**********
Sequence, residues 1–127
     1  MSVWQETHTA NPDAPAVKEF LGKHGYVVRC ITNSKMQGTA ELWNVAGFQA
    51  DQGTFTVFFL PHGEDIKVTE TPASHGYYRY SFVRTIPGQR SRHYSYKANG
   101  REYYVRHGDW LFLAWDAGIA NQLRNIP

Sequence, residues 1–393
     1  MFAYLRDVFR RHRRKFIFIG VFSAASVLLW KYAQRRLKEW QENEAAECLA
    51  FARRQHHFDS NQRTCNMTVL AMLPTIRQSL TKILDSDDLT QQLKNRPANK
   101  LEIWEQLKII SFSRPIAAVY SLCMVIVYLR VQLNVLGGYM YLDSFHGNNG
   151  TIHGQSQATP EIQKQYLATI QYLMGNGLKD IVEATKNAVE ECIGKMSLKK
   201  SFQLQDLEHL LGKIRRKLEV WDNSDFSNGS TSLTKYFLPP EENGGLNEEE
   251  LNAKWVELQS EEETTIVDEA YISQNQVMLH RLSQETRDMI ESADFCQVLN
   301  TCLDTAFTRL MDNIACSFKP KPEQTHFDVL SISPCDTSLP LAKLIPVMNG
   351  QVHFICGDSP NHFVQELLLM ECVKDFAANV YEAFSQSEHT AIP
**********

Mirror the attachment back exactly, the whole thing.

Sequence, residues 1–127
     1  MSVWQETHTA NPDAPAVKEF LGKHGYVVRC ITNSKMQGTA ELWNVAGFQA
    51  DQGTFTVFFL PHGEDIKVTE TPASHGYYRY SFVRTIPGQR SRHYSYKANG
   101  REYYVRHGDW LFLAWDAGIA NQLRNIP

Sequence, residues 1–393
     1  MFAYLRDVFR RHRRKFIFIG VFSAASVLLW KYAQRRLKEW QENEAAECLA
    51  FARRQHHFDS NQRTCNMTVL AMLPTIRQSL TKILDSDDLT QQLKNRPANK
   101  LEIWEQLKII SFSRPIAAVY SLCMVIVYLR VQLNVLGGYM YLDSFHGNNG
   151  TIHGQSQATP EIQKQYLATI QYLMGNGLKD IVEATKNAVE ECIGKMSLKK
   201  SFQLQDLEHL LGKIRRKLEV WDNSDFSNGS TSLTKYFLPP EENGGLNEEE
   251  LNAKWVELQS EEETTIVDEA YISQNQVMLH RLSQETRDMI ESADFCQVLN
   301  TCLDTAFTRL MDNIACSFKP KPEQTHFDVL SISPCDTSLP LAKLIPVMNG
   351  QVHFICGDSP NHFVQELLLM ECVKDFAANV YEAFSQSEHT AIP